My Very Own Twin Towers

The view these days from the shadow of the Limerick power plant

Eighteen years ago, when my husband and I moved out of the city to a suburb in western Montgomery County that’s just a stone’s toss from the Limerick Generating Station, a lot of people asked us: Aren’t you worried about that? Three Mile Island was only 15 years distant back then; Chernobyl was a scant six years past. The fallout, so to speak, was still fresh. I won’t deny we felt some qualms, but frankly, real estate was cheap out here; there was open space, fresh air, grass for the kids, all of which outweighed, in our minds, any China Syndrome doomsday scenarios. The truth is, we felt a little cool, sort of hip, to be nuclear-power pioneers.

Sure, it was a little disconcerting the day our daughter came home from kindergarten with an inch-thick dossier on evacuation plans in case of a nuclear “event.” (Kids would get hauled from their schools in a northwesterly direction—upwind—to towns that were some 20 miles distant.) And yearly reminders to pick up potassium pills, regular updates on those evac plans, and the monthly tests of Limerick’s blaring sirens gave us pause. But we tagged along with our kids’ classes on field trips to the power plant, got the guided tours, saw the cool dinosaur footprints PECO found on-site and preserved, and came to appreciate our neighbor. We walked our dog in the fields surrounding the towers; we admired the full moon against the huge plumes of steam (“Just steam!” we’d tell dubious visitors and guests) the plant released. When I drove home at night from the city, I’d round a bend on 422, see the towers on the horizon, and know that I was home. What had once been a source of trepidation now brought soothing calm.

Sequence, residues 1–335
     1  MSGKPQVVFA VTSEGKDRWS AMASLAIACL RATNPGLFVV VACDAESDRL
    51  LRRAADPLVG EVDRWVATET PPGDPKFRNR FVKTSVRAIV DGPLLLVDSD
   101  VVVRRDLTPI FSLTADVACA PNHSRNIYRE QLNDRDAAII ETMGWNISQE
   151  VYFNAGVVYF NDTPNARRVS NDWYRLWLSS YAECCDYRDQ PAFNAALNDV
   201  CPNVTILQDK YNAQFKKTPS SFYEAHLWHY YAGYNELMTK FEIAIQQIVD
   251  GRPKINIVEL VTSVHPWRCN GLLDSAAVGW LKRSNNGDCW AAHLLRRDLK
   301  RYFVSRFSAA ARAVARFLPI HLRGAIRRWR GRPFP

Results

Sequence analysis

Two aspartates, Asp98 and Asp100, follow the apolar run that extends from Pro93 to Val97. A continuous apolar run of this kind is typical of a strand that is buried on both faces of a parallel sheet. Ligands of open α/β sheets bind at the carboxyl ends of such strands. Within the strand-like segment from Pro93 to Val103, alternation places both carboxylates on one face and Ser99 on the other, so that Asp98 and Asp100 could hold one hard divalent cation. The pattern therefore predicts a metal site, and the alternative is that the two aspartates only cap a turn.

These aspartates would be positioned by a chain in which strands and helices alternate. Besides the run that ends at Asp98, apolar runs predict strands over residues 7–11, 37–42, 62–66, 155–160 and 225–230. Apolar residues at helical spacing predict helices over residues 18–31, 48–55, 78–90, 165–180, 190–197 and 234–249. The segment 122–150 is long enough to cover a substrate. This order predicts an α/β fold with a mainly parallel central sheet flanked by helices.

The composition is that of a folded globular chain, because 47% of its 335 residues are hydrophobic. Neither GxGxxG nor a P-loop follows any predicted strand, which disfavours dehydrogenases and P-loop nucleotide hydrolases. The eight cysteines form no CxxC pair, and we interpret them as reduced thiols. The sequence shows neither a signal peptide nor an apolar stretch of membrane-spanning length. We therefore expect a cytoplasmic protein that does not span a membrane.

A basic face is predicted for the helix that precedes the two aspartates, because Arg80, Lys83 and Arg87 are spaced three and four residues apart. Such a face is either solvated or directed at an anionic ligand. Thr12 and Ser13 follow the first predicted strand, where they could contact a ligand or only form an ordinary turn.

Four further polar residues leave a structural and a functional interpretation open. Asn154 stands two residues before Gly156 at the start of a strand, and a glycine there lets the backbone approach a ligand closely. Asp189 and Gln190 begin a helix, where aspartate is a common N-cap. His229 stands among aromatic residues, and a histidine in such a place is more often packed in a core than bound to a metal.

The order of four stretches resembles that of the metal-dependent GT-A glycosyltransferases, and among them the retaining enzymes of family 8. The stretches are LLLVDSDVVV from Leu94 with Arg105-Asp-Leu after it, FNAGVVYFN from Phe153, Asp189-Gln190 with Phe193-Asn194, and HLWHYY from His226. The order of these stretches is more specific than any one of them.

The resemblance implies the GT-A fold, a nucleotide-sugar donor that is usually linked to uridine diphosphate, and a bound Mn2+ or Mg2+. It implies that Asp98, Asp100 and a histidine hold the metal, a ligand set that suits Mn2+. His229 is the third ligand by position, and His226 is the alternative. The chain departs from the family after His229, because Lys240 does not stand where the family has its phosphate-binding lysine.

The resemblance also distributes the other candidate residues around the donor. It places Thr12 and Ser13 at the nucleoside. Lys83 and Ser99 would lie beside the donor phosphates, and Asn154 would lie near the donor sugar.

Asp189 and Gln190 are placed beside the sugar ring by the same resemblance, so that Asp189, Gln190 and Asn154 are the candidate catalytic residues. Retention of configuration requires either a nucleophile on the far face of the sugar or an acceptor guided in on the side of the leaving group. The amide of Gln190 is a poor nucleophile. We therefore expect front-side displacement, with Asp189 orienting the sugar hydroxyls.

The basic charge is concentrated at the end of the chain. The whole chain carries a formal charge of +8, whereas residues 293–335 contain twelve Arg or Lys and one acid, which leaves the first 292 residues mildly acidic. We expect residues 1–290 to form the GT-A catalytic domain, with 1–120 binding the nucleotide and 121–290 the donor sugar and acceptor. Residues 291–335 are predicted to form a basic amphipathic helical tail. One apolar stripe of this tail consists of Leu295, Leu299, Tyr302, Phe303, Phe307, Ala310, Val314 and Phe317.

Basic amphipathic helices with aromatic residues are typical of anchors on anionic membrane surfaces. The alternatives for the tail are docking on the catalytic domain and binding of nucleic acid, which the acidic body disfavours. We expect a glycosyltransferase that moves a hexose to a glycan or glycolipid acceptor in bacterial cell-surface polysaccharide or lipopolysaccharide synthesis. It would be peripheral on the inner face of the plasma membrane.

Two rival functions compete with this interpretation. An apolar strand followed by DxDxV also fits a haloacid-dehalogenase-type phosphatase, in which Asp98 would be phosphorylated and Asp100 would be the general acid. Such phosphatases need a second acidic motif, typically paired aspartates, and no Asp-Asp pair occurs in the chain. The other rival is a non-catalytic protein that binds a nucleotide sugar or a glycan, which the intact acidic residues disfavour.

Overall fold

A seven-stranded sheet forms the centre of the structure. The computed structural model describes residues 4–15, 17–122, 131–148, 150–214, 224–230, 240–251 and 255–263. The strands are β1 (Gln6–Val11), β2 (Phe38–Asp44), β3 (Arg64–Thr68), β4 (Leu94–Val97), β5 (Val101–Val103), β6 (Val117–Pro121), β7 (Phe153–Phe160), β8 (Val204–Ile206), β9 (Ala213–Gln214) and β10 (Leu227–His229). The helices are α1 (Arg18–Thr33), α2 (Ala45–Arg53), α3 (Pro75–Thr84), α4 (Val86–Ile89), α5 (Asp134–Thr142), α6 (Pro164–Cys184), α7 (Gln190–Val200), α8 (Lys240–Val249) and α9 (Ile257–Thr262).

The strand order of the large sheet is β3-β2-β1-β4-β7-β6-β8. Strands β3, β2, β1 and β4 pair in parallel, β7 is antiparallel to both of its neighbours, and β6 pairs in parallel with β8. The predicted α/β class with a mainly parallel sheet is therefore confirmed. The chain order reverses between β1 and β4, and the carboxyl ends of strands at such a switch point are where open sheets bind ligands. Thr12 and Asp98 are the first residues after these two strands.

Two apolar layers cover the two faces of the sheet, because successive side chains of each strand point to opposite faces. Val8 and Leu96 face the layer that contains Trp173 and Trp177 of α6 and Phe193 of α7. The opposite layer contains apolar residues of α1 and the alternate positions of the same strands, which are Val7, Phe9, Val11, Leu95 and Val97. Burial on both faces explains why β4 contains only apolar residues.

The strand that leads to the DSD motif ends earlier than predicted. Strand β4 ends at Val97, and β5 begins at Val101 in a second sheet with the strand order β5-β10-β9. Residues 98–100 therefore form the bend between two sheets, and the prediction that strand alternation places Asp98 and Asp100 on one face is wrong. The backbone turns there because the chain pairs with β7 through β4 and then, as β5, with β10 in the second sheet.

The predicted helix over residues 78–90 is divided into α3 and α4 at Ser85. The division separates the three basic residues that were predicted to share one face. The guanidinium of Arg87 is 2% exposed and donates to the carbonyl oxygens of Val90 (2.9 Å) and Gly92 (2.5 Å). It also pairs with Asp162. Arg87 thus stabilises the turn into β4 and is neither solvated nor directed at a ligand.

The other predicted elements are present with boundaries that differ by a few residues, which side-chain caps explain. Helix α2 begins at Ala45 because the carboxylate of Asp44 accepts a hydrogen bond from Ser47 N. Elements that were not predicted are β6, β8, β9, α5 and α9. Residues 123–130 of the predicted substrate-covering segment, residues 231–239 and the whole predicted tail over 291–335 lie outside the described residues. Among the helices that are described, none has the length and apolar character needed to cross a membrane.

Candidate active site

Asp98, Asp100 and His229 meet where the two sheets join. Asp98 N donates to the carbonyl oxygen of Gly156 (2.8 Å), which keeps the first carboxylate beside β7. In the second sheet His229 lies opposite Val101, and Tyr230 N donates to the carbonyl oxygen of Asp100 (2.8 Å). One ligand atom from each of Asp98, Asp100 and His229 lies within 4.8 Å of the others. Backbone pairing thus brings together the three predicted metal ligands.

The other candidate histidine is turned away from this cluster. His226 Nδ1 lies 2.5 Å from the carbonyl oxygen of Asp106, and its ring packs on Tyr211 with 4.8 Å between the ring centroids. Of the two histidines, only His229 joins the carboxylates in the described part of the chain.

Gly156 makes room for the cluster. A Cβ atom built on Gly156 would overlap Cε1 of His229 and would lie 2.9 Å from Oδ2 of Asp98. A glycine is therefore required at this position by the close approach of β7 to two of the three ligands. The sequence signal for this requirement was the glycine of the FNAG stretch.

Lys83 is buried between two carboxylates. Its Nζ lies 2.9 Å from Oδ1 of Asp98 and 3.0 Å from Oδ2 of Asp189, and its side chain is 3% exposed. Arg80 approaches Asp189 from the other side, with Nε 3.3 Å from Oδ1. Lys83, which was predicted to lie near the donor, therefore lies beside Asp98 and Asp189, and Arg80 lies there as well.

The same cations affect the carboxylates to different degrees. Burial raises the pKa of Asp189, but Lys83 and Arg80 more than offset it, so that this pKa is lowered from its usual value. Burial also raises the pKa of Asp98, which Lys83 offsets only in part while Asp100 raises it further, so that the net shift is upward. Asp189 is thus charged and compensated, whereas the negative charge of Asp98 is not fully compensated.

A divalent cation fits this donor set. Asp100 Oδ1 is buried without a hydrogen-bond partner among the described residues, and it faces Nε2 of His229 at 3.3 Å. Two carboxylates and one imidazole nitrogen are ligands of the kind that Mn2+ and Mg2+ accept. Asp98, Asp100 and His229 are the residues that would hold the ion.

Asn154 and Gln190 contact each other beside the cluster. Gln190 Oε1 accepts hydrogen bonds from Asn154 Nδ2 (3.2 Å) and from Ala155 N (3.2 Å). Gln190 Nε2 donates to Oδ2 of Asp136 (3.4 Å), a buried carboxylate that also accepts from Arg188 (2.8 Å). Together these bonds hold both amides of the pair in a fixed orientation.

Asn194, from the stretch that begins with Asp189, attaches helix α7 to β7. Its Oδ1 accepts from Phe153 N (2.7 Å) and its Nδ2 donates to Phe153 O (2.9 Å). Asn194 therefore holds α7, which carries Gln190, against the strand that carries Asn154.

Last night the moon was enormous against those swaths of steam-clouds—the “Supermoon” a day past its perigee, the biggest it has been since, well, 1993, just before we moved here. From our backyard, surrounded by suburban dark, we’ve watched long-tailed comets, breathtaking meteor showers, lunar and solar eclipses, all backed by the sturdy presence of those towers. Now, in light of the news from Japan, we eye this celestial display a little differently. We think of the valiant workers trying desperately to stave off disaster, and of the millions worrying and waiting, with a sense of affinity across the miles. This still feels like home, as their homes must for them. But the earth has shifted a little bit here, too.

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